These are just a few of the words I've been using since Winnipeg was hit with about 10cm of snow, and a ton of freezing rain just prior to that. All that being said, while driving around in our five month old Jeep Compass North 4x4.
I've been driving for about thirteen years now. All the while I've driven front wheel drive (FWD) vehicles during the seasons. While my wife and I were searching for a new vehicle, I had made a strong point. I wanted AWD/4WD/4x4 for the winter. I was sick and tired of having that slight lack of control. I was tired of wanting to proceed from a red light, or a stop sign - only to sit there while the front tires spin helplessly on ice. I was tired of having no confidence that my FWD vehicle would not get stuck in a snow storm. With our new Jeep, I've gained this confidence, and then some.
One thing I have always done, was push the vehicle a little harder to see what it can handle. So on streets with no traffic, or in a large empty parking lot, I would stop, and then accelerate quickly (not flooring it, but more oomph than one would normally do in slippery conditions). I would repeat this in a straight line, and then into a turn. As I did this several times, my smile grew and grew.
When turning quickly into a corner, the 4x4 system can easily fish-tail since there's power to the back wheels as well (compared to FWD). But with the ESP, it has consecutively pulled the Jeep back into a straight line! Impressive! Also, if I happen to accelerate too hard for the icey conditions, the TC portion of ESP kicks in, and causes the wheels to stop spinning freely, and re-gain traction on the ice - thus giving me a far better take off.
When it comes to braking, the Jeep doesn't act any differently than any other vehicle out there with ABS. It's kicked in often already (as said, right now, there's a lot of streets that are pure ice w/ no sand on them yet) and has given me a good idea of braking distance. Also, with ours being a 5-speed manual transmission, downshifting helps considerably.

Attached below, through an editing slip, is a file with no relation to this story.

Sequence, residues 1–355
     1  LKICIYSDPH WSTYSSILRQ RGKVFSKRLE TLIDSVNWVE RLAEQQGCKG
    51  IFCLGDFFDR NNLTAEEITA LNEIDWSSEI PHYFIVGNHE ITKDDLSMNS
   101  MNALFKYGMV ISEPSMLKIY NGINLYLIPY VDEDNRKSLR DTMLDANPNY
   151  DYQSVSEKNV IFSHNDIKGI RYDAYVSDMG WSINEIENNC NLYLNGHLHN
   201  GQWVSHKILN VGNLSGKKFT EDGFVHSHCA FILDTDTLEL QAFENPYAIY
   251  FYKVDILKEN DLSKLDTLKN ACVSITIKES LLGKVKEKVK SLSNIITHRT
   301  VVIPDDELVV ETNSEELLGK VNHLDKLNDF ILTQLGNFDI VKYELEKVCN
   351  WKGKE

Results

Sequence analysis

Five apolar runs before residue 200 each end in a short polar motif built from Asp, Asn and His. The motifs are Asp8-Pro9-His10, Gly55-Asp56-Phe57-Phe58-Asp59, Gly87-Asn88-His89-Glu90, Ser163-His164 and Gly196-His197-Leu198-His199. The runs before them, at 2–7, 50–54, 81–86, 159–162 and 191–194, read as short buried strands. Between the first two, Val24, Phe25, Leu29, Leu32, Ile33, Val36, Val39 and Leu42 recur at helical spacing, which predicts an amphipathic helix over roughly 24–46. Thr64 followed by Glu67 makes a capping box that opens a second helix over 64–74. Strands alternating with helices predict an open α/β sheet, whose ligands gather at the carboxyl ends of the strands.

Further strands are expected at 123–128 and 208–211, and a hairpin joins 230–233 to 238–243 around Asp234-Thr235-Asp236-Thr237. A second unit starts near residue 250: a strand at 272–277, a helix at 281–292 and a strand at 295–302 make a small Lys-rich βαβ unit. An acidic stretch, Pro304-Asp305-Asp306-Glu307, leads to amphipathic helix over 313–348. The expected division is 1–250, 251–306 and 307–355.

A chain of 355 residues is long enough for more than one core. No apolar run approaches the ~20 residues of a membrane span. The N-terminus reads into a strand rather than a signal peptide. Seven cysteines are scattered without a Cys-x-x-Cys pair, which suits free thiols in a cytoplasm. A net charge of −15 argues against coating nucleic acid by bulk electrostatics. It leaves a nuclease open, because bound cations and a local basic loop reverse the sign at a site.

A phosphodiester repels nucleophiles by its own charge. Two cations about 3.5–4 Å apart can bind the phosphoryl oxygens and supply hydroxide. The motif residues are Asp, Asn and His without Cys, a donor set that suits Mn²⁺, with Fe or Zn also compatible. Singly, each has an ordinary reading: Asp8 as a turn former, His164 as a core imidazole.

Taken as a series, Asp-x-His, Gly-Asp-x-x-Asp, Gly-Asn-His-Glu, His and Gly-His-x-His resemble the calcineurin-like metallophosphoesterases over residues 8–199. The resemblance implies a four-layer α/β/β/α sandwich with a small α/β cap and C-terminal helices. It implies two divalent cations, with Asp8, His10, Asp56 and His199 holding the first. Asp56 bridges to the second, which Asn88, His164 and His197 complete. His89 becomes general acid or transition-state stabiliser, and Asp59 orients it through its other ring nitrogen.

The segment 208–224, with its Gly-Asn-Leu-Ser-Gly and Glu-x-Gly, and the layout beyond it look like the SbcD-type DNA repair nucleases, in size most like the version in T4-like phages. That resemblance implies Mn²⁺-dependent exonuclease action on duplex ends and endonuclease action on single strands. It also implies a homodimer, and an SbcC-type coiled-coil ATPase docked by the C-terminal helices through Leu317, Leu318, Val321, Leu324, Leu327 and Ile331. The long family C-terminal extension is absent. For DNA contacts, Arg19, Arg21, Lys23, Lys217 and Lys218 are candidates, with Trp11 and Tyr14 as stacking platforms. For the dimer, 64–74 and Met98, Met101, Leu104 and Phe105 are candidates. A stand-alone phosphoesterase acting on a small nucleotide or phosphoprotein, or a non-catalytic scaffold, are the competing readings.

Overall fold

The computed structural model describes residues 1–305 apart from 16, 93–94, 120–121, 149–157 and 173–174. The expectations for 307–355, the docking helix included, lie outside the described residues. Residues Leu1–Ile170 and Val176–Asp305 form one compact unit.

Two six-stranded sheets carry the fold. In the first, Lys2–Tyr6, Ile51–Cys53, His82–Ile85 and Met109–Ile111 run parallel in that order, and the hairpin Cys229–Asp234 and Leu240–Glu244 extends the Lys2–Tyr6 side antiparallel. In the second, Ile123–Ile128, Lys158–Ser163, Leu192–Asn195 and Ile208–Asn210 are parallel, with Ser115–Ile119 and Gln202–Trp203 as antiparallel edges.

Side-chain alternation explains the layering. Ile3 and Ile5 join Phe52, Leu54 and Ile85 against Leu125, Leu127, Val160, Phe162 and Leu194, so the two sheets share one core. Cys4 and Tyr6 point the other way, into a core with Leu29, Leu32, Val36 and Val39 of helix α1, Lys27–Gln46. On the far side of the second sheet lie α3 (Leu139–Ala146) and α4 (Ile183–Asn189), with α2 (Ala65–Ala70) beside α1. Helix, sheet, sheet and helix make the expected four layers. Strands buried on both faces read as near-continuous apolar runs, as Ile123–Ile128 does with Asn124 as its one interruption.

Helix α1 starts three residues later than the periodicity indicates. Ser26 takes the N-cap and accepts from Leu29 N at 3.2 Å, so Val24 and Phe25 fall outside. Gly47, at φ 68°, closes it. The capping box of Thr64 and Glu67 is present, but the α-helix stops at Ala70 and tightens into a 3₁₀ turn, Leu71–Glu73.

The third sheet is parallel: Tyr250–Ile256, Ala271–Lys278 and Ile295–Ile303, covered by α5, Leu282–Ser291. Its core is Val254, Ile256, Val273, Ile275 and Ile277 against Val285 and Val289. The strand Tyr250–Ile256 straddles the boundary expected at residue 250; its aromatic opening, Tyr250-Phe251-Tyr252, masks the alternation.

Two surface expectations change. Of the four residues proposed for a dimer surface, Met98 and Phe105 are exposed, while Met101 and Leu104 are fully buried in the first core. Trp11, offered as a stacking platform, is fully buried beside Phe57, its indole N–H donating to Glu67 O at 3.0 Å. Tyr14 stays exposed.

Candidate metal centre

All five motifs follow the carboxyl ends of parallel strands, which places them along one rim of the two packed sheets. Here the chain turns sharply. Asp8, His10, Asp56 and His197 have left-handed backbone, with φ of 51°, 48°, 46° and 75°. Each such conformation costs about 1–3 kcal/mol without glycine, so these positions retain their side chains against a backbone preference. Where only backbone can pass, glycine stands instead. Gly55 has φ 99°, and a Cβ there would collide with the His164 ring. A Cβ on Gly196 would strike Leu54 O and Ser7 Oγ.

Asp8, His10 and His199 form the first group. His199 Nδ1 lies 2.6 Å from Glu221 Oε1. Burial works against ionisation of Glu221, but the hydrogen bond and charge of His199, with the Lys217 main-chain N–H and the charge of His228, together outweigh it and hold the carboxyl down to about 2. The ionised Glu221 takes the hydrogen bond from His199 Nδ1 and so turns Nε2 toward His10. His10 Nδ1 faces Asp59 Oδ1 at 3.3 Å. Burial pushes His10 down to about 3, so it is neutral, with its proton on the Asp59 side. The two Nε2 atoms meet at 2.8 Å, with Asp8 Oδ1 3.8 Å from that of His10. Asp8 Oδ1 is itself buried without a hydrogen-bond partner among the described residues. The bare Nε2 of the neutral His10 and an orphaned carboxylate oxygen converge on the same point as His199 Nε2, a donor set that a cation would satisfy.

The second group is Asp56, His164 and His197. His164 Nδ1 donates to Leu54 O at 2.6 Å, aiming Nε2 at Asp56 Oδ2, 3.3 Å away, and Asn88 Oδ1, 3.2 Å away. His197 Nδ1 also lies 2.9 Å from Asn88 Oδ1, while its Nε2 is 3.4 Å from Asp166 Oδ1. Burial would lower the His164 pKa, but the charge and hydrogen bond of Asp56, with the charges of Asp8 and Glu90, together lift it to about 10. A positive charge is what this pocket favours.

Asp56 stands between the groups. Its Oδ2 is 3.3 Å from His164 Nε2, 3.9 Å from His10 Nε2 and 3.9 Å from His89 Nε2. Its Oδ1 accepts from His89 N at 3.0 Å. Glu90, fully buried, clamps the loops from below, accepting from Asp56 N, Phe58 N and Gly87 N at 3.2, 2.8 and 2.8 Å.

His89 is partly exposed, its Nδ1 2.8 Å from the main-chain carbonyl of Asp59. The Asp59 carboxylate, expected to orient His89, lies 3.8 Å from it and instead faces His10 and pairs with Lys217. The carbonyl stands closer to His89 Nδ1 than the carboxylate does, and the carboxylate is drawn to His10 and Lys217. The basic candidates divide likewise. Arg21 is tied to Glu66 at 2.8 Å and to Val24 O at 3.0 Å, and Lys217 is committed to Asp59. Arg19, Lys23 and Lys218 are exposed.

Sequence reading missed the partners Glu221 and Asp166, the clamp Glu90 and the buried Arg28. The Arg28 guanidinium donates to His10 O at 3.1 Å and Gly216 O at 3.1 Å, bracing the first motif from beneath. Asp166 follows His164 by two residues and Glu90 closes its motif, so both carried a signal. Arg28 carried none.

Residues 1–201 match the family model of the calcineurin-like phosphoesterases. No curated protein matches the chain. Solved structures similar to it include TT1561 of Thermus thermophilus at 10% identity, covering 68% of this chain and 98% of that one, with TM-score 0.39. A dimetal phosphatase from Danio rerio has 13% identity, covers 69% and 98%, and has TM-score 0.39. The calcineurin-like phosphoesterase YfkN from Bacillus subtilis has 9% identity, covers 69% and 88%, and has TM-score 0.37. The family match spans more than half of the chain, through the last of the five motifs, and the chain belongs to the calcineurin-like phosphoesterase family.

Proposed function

So from all this time of driving and owning FWD vehicles, I am pretty certain I will not be going back - so long as I live in a climate that holds long winters! I've gone from dredding a simple drive to a destination, to thinking, "Bring it on!"
I personally couldn't fathom going back to FWD. But, I also survived it for thirteen years. You still have good ground clearance compared to the average car, and if you have traction control, that will help too.
I have an '08 4WD Compass Sport and can say with no reservations that it handles better than any car I've ever owned in the snow. Before that, when I got my first FWD drive car, I was beyond impressed with how easy it was to drive with snow on the ground. Prior to that, I somehow managed to do OK with RWD drive cars w/no weight in the back and a giant engine in front.
Just to reminisce... I can remember how impressed I was when I drove my first FWD drive car in winter ('90 Plymouth Acclaim). I couldn't believe how easy it was to take corners, accelerate from a stop, or go up a hill vs. my previous car (a '78 Olds. Cutlass Supreme coupe).
Well, before the Compass...I drove a Mazda Protege for 13 years. This last winter in Iowa was so Brutal, it had to go. Problem was, the dealer had no 4 WDs at the time of my purchase and I fell for the Black Rallye Sport...